If you have worked different jobs, then you probably also have worked different hours. You probably even have a preference for what hours you like best.
A relational approach to work scheduling however, does not just consider the effect on staff but also how it affects young people and their wellbeing.
It is not easy when the day is interrupted but changing shifts, when the support you provide is paused to be picked up another day, or when there is a “end time” set by the workday that does not align with the needs of young people.
When both things are considered, you create an environment where relationships can flourish.
Relationships cannot be built without consistency; work patterns are a central way that consistency can be established. Consistency and reliability improve the wellbeing of young people both mentally and physically by reducing stress. The effect of that can be a calmer environment and calmer people.
Even for staff members the stress of an unsuitable shift pattern can be physically and mentally taxing. Research has shown again and again, that working changing shift patterns is detrimental to the health. Staff can therefore benefit from consistent patterns as well.
The best pathway to improve shifts and work patterns is through critically reflecting the reasons that a certain pattern was established. Who does that pattern serve? Is it for the benefit of the organisation, the staff members or the young people? In some cases, a justification for the current work pattern might not even be remembered, it is simply ‘how it has always been done’.
Qualities of relational work patterns:
Meeting the needs of the young people, for example:
Relationships are an important part of everyone’s life. For example, everything we learn as children depends on others teaching us. But did you know that good relationships also have an influence on our physical and mental health (Griffith, 2017)? Relationship-based practice combines what we know about childhood development, trauma, resilience, and relationships to promote the best for children and adolescents.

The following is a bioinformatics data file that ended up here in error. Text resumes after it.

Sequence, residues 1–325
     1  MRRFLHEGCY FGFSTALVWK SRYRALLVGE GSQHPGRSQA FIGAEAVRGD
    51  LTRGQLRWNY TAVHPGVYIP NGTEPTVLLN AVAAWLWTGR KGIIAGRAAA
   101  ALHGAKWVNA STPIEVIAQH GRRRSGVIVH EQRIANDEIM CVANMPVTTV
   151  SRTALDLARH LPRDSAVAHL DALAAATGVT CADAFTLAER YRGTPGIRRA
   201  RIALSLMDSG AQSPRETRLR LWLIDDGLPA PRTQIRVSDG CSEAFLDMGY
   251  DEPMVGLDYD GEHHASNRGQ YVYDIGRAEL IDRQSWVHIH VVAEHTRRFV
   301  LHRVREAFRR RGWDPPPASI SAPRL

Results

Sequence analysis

Early life experiences shape our mind and body in ways that we are understanding more and more, especially when these experiences are traumatic. Trauma-informed practice takes this knowledge and creates a holistic framework for practitioners and organisations to create healing and safe spaces and ways of working.
First introductions matter. It matters when, how and where they happen. Many young people speak about transitions are often the most difficult times. In this Guide we explore how transitions can be done from the lens of relational practice.
What do IT systems and relationships have in common? Both usually run in the background and are easily taken for granted. Perhaps surprisingly, IT systems can have a big influence on the quality of relationships and relational practice in general.
When you know your goal you do whatever you need to do to reach it. But what if you defined the goal in the wrong way? In this Guide we explore how the goal affects your actions and how you can make sure that you are measuring your success in the right way. Are you meeting an outcome or are you filling a need?
Organisational values influence the working culture. They can inspire workers to follow the organisation's mission. However, for them to have an impact they need to be developed with staff and young people.
It is important to keep learning and growing. Recognise your staff’s value and expertise by developing internal training and discussion sessions. Enable staff to learn and train more. Training should not be a tick-box exercise but a place for growth and reflection.
As is often said, hurt people hurt people – it is even more important to consider the flipside: supported people support people. Working with young people and caring for them can be a demanding role, especially in under-resourced and stressful environments. A truly relational organisation also invests in the relationships between managers and staff, creating a positive environment for everyone.
Relationships do not just depend on one person, but rather on a network of people and the culture of an organisation. Sometimes one person who simple ‘doesn’t get it’ can put barriers in the way for an entire team to become less relational. So, it’s easy to see why recruiting the right people is so important to create and maintain a relational organisation.
All relationships take time and effort to build and develop relationships with young people with care experience is no exception, perhaps being even more difficult due to their backgrounds however with the right understanding and approach you could develop a strong and positive connection which will benefit both you and your young person.
Relationships are essential to all parts of life and encompass both our professional and personal lives. They are a vital part of the support networks for our young people and the stronger the relationship the better we can all do our jobs, perhaps making them feel less like a job and more like a vocation. And perhaps more importantly, the stronger the relationship the more important a young person might feel.